Vintage inspired winter provisions we can’t (won’t) live without

LEAVES AND TEMPERATURES ARE FALLING FAST here up north. It’s time to get into a nesting frame of mind, so we’re sharing the practical luxuries we can’t (won’t) live without in the winter months. Think of it as a friendly nudge to get your winter decor provisions in order.

AROMATIC CEDAR CHESTS. Cedar-lined storage chests, popular for both their beauty and practicality, were in their heyday in the 20th Century until a sharp decline after the 1960s. Earlier period waterfall style chests, often with intricate wood inlays or carving, gave way to mid-century modern designs. The uncluttered lines of the latter never compromised storage prowess, but added features like discreet bottom drawers and cantilevered shelves. Many modern designs had flat tops – sometimes upholstered – that made them perfect as benches. From petite Lane Princess chests to taller configurations from makers like Cavalier, every one of them was fortified with cedar interiors to ward off moths and leave the contents smelling like an evergreen paradise.

VERSATILE SERVING CARTS. The final months of the year are packed with major holidays. Indoor entertaining is ascendant and a bar cart or cabinet is an invaluable co-host when it comes to entertaining in style. Whether you use it to serve cocktails, snacks or hot beverages, a server helps you refresh a lively bunch while keeping provisions under control. Cabinet style dry bars offer extra storage that can be concealed when not in use. We like a server – open or closed – on casters so we can roll the refreshments to wherever the guests gather.

FANCY GLASSWARE. If you’re going all in with a serving cart, why not stock it with showy vintage glassware. (That’s a declaration, not a question.) Mid-century glassware makers like Fred Press, Culver, Georges Briard and Libbey pulled out the stops when it came to designs. Many were adorned with real gold leaf, and patterns ranged from whimsical to geometric to simple and classic. Colored and textured glassware was abundant, so there were options to fit every taste. And don’t forget bar accessories, like good decanters, serving trays and other ephemera to dress up the party experience.

INVITING COFFEE & TEA SERVICE. Some like it hot, especially coffee, tea and hot chocolate in the chilly – or downright cold – months. So pick your pour and enjoy it at an elevated level with a vintage stoneware tea set, maybe from Korea or Japan. A stainless steel serving pot with a modernist design. An art pottery piece that’s equal parts form and function. We favor pieces and sets created for everyday use, from a morning cuppa to a full on tea ceremony.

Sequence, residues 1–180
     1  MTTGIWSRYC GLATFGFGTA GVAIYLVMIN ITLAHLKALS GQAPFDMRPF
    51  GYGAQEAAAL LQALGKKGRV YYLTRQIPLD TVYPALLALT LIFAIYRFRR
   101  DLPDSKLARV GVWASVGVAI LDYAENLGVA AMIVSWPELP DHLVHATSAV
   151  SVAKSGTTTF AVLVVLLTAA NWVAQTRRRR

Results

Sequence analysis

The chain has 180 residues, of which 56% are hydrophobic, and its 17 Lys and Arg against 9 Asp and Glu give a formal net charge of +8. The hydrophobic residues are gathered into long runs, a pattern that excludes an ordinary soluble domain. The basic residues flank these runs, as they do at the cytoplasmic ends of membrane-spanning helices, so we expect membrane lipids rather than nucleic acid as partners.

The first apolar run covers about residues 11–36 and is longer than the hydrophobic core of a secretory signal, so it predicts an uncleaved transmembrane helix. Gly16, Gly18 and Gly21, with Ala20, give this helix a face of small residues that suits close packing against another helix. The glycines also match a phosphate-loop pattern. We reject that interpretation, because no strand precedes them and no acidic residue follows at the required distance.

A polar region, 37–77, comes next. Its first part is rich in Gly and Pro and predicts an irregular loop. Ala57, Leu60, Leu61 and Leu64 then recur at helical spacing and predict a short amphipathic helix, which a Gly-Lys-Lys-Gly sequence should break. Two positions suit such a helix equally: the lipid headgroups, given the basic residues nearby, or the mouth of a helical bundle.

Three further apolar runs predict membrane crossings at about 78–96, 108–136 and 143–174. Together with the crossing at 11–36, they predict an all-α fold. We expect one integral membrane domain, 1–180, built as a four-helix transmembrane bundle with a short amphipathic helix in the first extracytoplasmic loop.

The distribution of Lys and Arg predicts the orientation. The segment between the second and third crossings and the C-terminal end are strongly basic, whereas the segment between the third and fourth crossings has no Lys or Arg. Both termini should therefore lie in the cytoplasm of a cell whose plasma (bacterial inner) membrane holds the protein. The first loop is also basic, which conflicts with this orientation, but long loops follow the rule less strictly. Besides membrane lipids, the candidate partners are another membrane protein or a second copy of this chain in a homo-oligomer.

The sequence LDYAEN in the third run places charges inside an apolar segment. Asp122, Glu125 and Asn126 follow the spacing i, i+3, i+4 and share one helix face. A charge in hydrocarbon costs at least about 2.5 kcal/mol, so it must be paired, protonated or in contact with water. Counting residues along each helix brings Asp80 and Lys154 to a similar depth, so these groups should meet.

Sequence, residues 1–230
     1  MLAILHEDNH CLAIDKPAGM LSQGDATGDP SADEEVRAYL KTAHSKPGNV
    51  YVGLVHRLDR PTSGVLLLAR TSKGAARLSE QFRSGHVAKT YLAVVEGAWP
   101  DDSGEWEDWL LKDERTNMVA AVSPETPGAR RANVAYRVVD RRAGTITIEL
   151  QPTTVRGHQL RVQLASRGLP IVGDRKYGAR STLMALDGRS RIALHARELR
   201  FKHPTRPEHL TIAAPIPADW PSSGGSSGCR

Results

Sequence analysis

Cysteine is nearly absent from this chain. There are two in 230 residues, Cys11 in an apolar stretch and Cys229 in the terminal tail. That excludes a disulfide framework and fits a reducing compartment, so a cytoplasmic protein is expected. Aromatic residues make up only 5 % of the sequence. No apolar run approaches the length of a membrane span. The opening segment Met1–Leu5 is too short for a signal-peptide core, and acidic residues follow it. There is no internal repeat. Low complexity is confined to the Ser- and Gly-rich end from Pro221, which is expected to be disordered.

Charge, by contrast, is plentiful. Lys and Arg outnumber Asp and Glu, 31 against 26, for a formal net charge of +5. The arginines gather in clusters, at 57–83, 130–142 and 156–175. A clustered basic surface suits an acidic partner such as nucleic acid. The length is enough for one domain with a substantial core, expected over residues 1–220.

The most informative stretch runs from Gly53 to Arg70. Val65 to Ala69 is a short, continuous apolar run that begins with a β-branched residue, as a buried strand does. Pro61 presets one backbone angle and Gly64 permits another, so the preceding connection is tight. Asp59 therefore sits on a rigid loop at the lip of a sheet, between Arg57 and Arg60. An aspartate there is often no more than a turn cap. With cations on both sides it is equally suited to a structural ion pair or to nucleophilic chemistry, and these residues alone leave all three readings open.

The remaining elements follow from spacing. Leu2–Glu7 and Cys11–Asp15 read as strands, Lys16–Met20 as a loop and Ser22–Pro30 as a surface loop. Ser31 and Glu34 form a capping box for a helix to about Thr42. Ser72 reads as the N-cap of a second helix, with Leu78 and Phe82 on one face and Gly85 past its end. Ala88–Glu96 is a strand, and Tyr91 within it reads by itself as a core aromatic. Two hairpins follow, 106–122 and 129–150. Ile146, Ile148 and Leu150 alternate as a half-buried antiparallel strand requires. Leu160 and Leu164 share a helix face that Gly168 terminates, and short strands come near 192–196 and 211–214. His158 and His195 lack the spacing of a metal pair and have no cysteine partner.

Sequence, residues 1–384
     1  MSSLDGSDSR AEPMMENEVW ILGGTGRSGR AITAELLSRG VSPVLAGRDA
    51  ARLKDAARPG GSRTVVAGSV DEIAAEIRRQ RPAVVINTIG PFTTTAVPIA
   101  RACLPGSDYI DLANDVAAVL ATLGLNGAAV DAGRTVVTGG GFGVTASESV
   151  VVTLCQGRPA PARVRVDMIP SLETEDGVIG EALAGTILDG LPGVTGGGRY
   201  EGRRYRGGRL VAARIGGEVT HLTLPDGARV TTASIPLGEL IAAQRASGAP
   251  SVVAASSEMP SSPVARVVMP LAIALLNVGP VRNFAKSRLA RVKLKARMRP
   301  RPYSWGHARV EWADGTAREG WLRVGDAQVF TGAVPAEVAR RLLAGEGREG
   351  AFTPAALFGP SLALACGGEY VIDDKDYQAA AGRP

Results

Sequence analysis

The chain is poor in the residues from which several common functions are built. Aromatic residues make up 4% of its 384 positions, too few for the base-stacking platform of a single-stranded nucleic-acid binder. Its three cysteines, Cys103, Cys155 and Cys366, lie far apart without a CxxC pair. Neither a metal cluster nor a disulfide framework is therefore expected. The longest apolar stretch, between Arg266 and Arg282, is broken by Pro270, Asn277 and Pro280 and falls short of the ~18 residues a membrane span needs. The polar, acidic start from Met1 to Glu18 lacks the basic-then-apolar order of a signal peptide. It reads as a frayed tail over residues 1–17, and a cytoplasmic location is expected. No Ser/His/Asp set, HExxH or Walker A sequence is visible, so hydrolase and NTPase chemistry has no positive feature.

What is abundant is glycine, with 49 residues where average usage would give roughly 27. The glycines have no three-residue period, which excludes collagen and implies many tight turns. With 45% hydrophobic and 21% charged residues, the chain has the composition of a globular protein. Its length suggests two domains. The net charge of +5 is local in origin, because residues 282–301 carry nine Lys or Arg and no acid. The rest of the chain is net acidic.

SPOT-ON LIGHTING. We live in the more northern reaches of the Northern hemisphere, so the amount of daylight decreases with alarming speed for us as winter settles in. And while ample and well-placed indoor lighting is important any time, it fulfills a greater need in the darker months. Lighting requirements are diverse – general, task, mood, security, etc. – and there are lamps and fixtures for each function. But lighting is also a decor decision, so pick shapes, colors, materials and sizes that harmonize with other room elements.

CAN DO CANDLEHOLDERS. Candles aren’t just another form of lighting. They’re mood-makers. Holiday table essentials. Romantic scene-setters. Yet a candle is merely a stick, post or puck without the ideal candleholder. There are countless mid-century and Scandinavian design options, from shimmering Finnish glass to sleekly sculpted Danish teak. American makers like Blenko and Viking Glass add color and varied shapes. Then there are cast iron spiders by Dansk holding ultra-slender tapers. Choose the style and type that best fits the placement, and always use candles responsibly.

COZY THROW BLANKETS. What defines cozy for you? Are you curled up in a chair or on the sofa binge watching a favorite series or movies? Maybe reading a book or just gazing into the dancing flames in a fireplace. No matter how relaxed you are, nothing enhances comfort like a good throw. We favor vintage wool from Scotland, Ireland and England. Minnesota’s own Faribo is renowned for its timeless plaids and color-blocked patterns. For those averse to the itch of wool, there are plenty of cotton and acrylic options available.

So forget about the dicey driving conditions. Snow shoveling. Wet socks. Layer upon layer of winter wear. Once you’re inside, and with the right provisions, winter isn’t just tolerable. It’s a genuine pleasure.

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